STEVE LEWIS/Durango Herald
Servers in crisp white shirts bustled through Seasons Rotisserie & Grill on Wednesday night, expertly juggling delicately plated dinners, wine glasses, menus and now, iPads.
Starting earlier this summer, Seasons’ transferred its 16-page wine list to an application viewable on seven iPads that servers circulate throughout the restaurant.
Diners easily can scroll through the restaurant’s list of almost 700 wines, sorting by price, varietal, region and vintage. Wines are accompanied by tasting notes and a picture of the bottle.
Another of the app’s features allows diners to view Seasons’ menu and see a list of suggested wine pairings for every item. Cocktails also are included in menu’s offerings.
Seasons owner Karen Barger said she first saw iPads used in a Las Vegas restaurant about 18 months ago and immediately started brainstorming about how to bring a similar experience to Durango.
The technology is meant to supplement, rather than replace her staff’s knowledge of the restaurant’s wine offerings, Barger said.
“It’s another way to be functional with what we have,” she said. “It really enhances the whole dining experience.”
Though Seasons is breaking ground among Durango’s restaurants, a growing number of dining establishments across the country have adopted iPads as a platform for their menus. Restaurateurs say the technology gives diners a more engaging, interactive and informative experience, according to news reports in USA Today, Wired and the Huffington Post.
Barger agreed, adding that the iPad makes wine more accessible to many diners.
“A lot of people are intimidated and don’t want to have to ask sommelier questions,” she said. “(The iPad app) is really interactive and a great way for customers to learn about wines and pick them without fearing that they can’t pronounce a wine.”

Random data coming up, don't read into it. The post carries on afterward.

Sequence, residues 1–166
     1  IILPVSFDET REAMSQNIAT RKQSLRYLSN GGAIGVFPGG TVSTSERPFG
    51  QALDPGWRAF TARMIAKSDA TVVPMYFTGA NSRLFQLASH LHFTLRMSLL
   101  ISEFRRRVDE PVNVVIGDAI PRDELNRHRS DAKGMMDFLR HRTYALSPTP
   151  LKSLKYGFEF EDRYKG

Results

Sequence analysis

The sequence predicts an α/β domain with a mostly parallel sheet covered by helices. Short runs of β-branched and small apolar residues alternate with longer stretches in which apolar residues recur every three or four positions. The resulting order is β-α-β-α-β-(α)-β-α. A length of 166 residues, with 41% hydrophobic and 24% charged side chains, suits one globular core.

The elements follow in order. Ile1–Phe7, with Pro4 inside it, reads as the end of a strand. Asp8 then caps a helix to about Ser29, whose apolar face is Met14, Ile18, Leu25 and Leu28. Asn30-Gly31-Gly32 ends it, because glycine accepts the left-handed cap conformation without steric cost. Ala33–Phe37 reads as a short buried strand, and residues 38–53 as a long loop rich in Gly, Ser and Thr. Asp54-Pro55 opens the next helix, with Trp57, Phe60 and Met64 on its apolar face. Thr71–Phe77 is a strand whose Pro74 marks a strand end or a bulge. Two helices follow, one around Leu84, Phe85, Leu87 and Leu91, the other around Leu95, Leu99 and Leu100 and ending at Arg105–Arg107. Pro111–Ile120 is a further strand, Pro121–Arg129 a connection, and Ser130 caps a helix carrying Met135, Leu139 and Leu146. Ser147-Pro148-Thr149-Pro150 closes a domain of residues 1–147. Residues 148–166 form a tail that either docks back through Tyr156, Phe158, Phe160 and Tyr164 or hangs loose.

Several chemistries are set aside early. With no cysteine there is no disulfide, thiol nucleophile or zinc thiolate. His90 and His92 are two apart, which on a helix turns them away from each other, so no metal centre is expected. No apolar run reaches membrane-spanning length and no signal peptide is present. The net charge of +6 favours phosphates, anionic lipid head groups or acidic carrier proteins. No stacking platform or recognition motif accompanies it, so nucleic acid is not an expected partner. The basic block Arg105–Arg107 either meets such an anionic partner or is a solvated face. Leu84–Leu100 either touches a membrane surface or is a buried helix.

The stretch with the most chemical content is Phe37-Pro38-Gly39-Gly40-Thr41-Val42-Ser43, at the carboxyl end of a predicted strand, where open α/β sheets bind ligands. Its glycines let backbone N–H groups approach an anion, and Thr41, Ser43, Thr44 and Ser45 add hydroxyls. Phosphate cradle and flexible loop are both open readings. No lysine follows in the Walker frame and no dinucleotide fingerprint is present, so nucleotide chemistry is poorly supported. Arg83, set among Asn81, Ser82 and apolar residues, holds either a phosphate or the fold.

The customer response has been noticeably positive.
Since the restaurant introduced the iPads, wine sales have increased 17 percent and cocktail sales have grown 25 percent, Barger said.
Digitizing the wine and drinks list allows the restaurant to easily update its selection, said Erin Gregory, assistant general manager. Before, staff had to reprint pages of the list every one to two months as inventory changed, Gregory said.
The application also has become a learning tool for staff, who use it to brush up on their wine knowledge when they have a few free minutes, she said.
Instead of creating a custom application as many other restaurants have done, Seasons opted to use an application designed by Chicago-based Uncorkd. The company’ software provides a platform that restaurants can customize, company CEO Josh Saunders said.
Seasons loads its wine list into the Uncorkd software and can import many wine descriptions, photos and food pairing suggestions from the company’s database.
While Seasons’ wine list is a first, the iPad menu concept is on the radar of other local restaurants.
“It’s definitely something we’re very keen on and curious about,” said James Allred, Cosmopolitan’s dining room manager. Applications like Seasons’ adds “some true expert insight” that is accessible at diners’ fingertips, he said.
Sergio Verduzco, owner of East by Southwest and Golden Triangle, at one point considered installing touch screens at his bar. The screens would allow customers to swipe through drink and menu items and even pay with their credit cards. But cost and the newness of the technology caused him to hold back, at least for now. Verduzco said he also worries about replacing servers with screens.
“I felt it was kind of impersonal, as well,” he said. “Then the waiter is just somebody running your food to your table.”
Other restaurants are using iPads to handle sales and orders. Chimayo Stone Fired Kitchen uses an application on iPads and iTouches for its point-of-sale system.
“We think it’s the future,” restaurant owner Birgitte Lutfy said.